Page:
US ends 'wet foot, dry foot' policy that allowed Cuban migrants to become permanent
Washington : President Barack Obama has ended a longstanding "wet foot, dry foot" practice that allowed undocumented Cuban migrants to remain and become permanent residents of the US.
The move announced on Thursday, which was not previously outlined and is likely one of the final foreign policy decisions taken by the Obama administration, terminates a decades-long policy that allowed the Cubans to obtain permanent residence a year after entering US territory even by illegal means.
The Cuban government on Thursday said the signing of an accord here to end the US immigration policy was "positive" and "an important step ahead" in the bilateral relations, EFE news reported.
Many argued that the policy, adopted in 1995, amounted to preferential treatment for a single group of migrants, CNN reported.
"By taking this step, we are treating Cuban migrants the same way we treat migrants from other countries," the outgoing President said.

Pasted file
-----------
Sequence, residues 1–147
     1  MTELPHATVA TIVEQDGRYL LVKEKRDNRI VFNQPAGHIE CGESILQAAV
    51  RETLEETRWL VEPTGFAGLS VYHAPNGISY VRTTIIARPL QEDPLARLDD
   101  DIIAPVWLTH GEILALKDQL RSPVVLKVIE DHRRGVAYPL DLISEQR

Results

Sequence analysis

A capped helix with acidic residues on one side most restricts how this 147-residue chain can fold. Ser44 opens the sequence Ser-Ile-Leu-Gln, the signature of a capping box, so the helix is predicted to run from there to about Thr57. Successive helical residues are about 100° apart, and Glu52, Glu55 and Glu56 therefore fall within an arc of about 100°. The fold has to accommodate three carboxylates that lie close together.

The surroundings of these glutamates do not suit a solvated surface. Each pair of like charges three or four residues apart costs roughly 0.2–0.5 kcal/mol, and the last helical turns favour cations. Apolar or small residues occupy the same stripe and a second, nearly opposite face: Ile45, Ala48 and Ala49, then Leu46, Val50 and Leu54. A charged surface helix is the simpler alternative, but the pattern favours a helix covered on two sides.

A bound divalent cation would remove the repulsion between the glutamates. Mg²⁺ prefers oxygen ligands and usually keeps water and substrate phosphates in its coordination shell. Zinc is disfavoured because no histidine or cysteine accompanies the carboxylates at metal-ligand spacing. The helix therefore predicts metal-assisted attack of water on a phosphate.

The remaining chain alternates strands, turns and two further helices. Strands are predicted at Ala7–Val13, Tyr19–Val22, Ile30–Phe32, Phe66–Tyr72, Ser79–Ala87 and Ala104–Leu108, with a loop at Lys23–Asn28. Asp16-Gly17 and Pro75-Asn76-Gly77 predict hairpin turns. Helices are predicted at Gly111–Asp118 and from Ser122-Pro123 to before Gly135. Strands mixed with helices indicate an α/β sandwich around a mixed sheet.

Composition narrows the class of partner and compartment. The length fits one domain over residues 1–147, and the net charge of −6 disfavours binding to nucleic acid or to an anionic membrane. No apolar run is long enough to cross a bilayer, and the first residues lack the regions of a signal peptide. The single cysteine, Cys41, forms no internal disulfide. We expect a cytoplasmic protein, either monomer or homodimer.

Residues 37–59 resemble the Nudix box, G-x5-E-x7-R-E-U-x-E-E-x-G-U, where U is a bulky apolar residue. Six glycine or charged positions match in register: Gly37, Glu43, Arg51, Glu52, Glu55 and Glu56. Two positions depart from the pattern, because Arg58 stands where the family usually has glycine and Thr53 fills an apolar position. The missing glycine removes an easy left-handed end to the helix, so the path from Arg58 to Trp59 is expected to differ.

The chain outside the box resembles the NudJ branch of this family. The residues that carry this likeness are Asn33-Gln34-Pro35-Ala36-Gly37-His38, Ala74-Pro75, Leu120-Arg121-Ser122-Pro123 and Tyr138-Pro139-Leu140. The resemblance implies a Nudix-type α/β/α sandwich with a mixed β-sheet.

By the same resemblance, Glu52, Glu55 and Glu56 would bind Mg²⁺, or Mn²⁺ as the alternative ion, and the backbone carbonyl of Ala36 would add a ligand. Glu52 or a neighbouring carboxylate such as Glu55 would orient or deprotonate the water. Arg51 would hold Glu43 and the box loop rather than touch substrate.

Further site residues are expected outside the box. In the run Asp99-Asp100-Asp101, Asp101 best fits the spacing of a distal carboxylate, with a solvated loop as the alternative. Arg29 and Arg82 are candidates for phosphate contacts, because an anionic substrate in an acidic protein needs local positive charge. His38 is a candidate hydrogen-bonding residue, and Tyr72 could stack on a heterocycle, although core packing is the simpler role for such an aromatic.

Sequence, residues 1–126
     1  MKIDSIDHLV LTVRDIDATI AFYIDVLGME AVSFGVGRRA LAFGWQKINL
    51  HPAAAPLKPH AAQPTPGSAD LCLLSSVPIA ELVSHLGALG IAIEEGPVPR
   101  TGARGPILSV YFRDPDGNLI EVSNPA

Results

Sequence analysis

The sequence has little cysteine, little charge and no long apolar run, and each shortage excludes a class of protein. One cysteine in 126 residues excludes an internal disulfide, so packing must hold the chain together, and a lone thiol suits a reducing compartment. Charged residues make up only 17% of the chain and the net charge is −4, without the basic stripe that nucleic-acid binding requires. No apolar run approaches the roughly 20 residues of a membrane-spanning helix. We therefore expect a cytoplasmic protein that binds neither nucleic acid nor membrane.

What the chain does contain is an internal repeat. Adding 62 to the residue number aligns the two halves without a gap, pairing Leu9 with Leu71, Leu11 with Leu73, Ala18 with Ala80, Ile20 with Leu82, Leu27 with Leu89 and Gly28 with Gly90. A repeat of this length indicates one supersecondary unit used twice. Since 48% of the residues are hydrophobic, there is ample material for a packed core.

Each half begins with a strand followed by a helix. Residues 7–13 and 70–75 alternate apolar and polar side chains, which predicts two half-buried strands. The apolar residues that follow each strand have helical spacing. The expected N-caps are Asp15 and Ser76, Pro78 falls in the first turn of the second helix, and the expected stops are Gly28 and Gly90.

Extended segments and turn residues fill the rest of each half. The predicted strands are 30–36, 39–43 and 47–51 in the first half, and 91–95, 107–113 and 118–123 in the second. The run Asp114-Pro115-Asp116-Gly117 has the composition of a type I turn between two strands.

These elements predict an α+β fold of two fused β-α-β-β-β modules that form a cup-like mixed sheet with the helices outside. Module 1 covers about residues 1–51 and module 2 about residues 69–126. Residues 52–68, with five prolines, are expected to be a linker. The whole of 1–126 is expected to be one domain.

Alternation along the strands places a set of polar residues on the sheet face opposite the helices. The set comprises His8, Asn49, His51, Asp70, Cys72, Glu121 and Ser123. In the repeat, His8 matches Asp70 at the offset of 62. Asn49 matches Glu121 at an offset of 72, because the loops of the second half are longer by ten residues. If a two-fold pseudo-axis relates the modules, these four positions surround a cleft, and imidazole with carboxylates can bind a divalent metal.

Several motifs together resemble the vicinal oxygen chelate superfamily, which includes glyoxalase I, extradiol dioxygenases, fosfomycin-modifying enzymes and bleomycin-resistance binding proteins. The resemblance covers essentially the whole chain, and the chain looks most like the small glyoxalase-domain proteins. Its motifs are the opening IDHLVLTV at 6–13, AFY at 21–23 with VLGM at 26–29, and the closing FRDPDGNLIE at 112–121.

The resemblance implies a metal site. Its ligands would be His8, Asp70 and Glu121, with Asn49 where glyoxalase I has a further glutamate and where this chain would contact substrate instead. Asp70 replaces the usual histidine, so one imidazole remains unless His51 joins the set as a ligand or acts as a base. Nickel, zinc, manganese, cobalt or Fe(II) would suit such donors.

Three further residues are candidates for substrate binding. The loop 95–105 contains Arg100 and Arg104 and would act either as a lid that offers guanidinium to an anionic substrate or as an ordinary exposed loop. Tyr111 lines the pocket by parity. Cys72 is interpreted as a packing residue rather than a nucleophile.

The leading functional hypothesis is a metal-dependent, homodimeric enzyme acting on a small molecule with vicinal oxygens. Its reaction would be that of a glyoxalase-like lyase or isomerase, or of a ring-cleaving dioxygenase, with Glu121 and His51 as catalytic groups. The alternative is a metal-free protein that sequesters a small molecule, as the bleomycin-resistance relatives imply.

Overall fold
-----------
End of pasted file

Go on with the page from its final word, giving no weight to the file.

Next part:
"The Cuban government has agreed to accept the return of Cuban nationals who have been ordered removed, just as it has been accepting the return of migrants interdicted at sea."
"During my administration, we worked to improve the lives of the Cuban people -- inside of Cuba -- by providing them with greater access to resources, information and connectivity to the wider world," Obama said.
It was always considered by Cuba as an encouragement to illegal migration and human trafficking.
A statement from the Cuban government said this arrangement was aimed at "ensuring a regular, safe and ordered migration", Xinhua news agency reported.
Both governments agreed to apply their migration laws in a non-selective manner and in accordance with their international obligations.
This Cuba-US deal comes a week before Obama leaves office on January 20.